By Alexandra Stote
Of all major takeaways from December’s COP24 climate summit, two messages rang loud and clear: our world leaders are not doing enough to slow climate change, and nations are not meeting the carbon emissions targets they pledged to reach under the Paris Climate Agreement. As the window to avoid devastating, irreversible climate damages narrows with each passing day, young and old voices alike called on prominent political figures to act in the interest of the planet’s people and its future generations to avoid a runaway climate disaster.
Not exactly the most optimistic highlights to carry into a new year, are they? In a time where world leaders are not reaching even the lowest benchmarks for urgent climate policy, it is easy to feel hopeless in the wake of their inaction. If the people who are supposed to lead us away from climate disaster are failing to do so, how can we make meaningful progress towards a more secure climate future?
While the US federal government is falling grossly behind as a world climate leader, there is a silver lining. Actors at the state level are stepping into the vacuum created by the federal government’s absence to move climate policy forward in the United States. Washington has emerged as a leader among the states, particularly in the maritime industry. In 2017, Washington Governor and 2020 presidential candidate, Jay Inslee, launched the Washington Maritime Blue Strategy, a plan aimed at positioning the maritime sector of Washington State as the most “sustainable” in the country by 2050. Elements of the plan include implementing clean shipping technologies, equitable workforce development, and “deep decarbonization” of the maritime industry. Global shipping accounted for about 3% of the world’s greenhouse gas emissions from 2007-2012, and according to the International Council on Clean Transportation, fuel consumption is steadily increasing in the shipping industry. Inslee’s statewide maritime plan aims to greatly reduce Washington’s carbon footprint in the marine transportation sector and beyond.
The Washington Maritime Blue Strategy has only been in place for about a year, but big plans for decarbonization are already in motion. Notably, a state agency, Washington State Ferries, is unraveling its most ambitious project in agency history: ferry electrification. The plan is to convert Washington’s three largest ferries from diesel engines to battery-powered electricity by 2023. The agency currently operates 23 ferries which consume about 19 million gallons of fuel per year. The three largest ferries, which run routes between Seattle/Bainbridge and Kingston/Edmonds, account for 5 million gallons of the annual total, or approximately 26% of the entire fleet’s diesel consumption. By converting these three vessels to electric power, Washington State Ferries expects an approximate net reduction of 75% in carbon emissions per ferry, according to the Director of Vessel Maintenance and Engineering, Matthew von Ruden. The conversion of each vessel is expected to cost about $30 million, on top of building new shoreline power stations, but the agency projects somewhere near $60 million in fuel savings in the first 40 years following the upgrades.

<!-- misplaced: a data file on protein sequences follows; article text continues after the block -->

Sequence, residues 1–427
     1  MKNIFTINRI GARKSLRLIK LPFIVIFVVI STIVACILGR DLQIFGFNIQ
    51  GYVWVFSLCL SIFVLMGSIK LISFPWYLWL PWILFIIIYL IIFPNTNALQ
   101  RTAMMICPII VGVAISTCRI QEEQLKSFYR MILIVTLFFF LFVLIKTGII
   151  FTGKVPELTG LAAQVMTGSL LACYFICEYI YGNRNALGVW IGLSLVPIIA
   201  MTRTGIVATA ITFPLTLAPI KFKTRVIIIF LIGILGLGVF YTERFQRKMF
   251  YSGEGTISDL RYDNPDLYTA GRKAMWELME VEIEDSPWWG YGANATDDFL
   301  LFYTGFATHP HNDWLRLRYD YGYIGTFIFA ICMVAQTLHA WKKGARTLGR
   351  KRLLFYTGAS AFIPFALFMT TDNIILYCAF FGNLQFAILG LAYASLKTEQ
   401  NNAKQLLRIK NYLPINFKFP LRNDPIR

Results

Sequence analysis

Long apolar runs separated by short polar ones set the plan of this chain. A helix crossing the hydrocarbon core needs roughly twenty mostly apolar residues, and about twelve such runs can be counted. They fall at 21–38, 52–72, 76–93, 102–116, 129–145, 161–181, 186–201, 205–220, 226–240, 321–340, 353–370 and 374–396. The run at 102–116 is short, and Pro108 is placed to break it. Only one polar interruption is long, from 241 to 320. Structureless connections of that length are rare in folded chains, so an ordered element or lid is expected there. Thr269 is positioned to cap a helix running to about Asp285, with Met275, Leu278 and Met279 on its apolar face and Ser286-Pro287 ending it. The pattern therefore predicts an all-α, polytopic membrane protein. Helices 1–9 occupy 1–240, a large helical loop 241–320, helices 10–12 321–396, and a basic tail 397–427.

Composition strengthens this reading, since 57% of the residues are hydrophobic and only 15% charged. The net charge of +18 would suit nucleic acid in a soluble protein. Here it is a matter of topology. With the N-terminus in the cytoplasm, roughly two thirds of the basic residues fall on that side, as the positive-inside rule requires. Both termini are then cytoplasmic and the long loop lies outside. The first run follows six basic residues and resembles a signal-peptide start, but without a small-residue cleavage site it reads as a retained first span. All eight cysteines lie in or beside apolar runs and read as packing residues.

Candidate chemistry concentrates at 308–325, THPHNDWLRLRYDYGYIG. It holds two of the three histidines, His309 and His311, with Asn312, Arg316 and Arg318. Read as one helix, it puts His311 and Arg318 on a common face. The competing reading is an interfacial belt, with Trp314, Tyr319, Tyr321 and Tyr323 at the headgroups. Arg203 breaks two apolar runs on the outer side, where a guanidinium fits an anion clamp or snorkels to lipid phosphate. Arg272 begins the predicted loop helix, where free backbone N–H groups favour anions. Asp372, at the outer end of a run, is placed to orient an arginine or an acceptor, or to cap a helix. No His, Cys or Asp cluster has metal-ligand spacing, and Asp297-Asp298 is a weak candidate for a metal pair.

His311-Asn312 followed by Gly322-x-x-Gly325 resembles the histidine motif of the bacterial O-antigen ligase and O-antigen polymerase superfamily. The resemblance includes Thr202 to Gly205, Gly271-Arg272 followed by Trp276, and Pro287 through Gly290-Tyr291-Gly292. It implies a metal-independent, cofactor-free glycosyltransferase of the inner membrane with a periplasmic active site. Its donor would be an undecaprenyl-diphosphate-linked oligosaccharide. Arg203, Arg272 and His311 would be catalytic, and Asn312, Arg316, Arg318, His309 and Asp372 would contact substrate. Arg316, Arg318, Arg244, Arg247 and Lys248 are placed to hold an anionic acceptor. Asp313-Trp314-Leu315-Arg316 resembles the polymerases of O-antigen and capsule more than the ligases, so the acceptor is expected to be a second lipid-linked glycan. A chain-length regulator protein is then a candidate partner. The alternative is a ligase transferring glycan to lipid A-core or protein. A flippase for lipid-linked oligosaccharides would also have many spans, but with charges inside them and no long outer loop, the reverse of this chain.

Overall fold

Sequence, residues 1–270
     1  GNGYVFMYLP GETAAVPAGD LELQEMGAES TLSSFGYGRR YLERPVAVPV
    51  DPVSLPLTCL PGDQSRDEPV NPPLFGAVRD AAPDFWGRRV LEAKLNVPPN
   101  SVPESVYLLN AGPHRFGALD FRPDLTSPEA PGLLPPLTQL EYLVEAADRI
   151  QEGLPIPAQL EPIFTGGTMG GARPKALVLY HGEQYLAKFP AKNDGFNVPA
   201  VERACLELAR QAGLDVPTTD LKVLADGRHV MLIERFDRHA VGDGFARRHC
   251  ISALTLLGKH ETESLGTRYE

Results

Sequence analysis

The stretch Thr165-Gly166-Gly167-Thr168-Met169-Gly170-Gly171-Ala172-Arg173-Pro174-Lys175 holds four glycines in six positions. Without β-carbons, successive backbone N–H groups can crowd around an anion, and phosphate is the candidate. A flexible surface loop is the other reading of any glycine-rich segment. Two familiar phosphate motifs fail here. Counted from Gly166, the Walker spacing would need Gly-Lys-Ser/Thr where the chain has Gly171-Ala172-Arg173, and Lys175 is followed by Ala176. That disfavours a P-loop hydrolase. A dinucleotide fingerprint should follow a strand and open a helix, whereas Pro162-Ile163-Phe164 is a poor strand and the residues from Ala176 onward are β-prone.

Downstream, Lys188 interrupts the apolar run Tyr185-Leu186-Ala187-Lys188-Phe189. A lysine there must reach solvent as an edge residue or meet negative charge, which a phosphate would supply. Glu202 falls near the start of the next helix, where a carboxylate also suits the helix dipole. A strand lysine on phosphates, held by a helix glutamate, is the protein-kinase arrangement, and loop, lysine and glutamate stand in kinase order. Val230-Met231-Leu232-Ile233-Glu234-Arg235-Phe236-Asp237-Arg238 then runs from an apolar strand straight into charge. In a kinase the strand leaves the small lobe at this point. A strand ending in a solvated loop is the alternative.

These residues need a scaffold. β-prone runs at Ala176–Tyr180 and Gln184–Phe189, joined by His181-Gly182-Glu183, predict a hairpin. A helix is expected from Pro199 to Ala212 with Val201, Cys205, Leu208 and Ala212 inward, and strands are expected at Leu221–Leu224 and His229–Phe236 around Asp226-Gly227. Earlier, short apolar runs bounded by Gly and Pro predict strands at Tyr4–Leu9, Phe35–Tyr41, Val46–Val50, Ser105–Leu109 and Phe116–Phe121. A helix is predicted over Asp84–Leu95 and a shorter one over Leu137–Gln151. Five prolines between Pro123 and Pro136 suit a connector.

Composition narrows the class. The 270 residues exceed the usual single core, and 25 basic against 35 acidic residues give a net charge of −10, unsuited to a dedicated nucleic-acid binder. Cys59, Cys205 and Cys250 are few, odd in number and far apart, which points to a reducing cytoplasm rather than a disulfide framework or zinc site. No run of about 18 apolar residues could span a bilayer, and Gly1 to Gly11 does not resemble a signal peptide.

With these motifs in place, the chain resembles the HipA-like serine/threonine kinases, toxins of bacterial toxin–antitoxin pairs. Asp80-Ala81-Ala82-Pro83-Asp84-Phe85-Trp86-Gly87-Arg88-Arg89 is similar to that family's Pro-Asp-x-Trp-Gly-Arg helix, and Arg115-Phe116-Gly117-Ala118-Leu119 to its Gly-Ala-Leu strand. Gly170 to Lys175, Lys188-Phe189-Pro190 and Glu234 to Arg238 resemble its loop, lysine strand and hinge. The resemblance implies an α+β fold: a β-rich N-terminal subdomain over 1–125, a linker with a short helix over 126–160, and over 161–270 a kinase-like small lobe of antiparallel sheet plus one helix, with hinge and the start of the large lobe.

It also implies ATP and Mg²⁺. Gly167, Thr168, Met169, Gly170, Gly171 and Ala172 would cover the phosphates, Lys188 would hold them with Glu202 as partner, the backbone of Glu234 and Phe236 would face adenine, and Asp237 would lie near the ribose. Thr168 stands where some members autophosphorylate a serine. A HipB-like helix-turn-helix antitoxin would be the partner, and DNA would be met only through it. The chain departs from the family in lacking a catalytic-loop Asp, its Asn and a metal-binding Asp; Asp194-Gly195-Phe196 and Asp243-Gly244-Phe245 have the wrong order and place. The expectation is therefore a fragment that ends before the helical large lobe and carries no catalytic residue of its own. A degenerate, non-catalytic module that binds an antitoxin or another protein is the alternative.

Those emissions reductions won’t be fully realized until each of the three ferries is converted to electric power and power charging stations are complete. Completion of those three vessels, the Tacoma, Wenatchee and Puyallup, is expected by July of 2021, 2022, and 2023, respectively, and the shoreside battery power stations should be fully running by July 2023. The vessels will first run as hybrids, using both electricity and diesel fuel, until the charging stations are fully functional. In addition to a new battery, the converted ferries will also include two diesel generators as emergency back-ups, in the event of power outages or battery malfunctions. The expected lifespan of the batteries is conservatively estimated at four years, and the average energy requirement to power the system is 2,200 kWh, with a cruising power of 7,200 kW.
Washington State Ferries plans to continue reducing carbon emissions through fleet electrification beyond the largest vessels. Its long-range plan includes the conversion of the three Kwa-di Tabil class ferries, their smallest vessels which hold 64 cars. Additionally, any new ferries the agency builds will be all-electric or hybrid ships.
Co-benefits of ferry electrification include improved air quality as the volume of vessels’ emitted particulate matter is greatly reduced, and strict requirements for the management of stormwater runoff in the areas surrounding the shore power charging stations.
Since the adoption of the Washington Maritime Blue Strategy, Washington State Ferries has already initiated changes, unrelated to electrification, in its ferry operations to curb carbon emissions. One of the most effective ways to cut back on fuel consumption, according to von Ruden, is to simply slow down. By limiting ferry speeds, Washington State Ferries saved approximately 300,000 gallons of fuel from April to December 2018, amounting to a 5% savings. Fuel savings are expected to increase over time with the continuation of operational efficiency policies and the completion of ferry conversions.
As we cruise into the beginning of 2019, there’s climate hope to be found in leadership outside of Washington, D.C. Ferry electrification is just one example of leaders making progress at the local level, and similar stories are emerging in maritime transportation across the globe. It’s easy to feel frustrated with large-scale climate inaction, but it’s important to also recognize small-scale climate victories right in our own backyards. We’re watching the future of clean and innovative marine technology unfold; what an exciting time to be alive.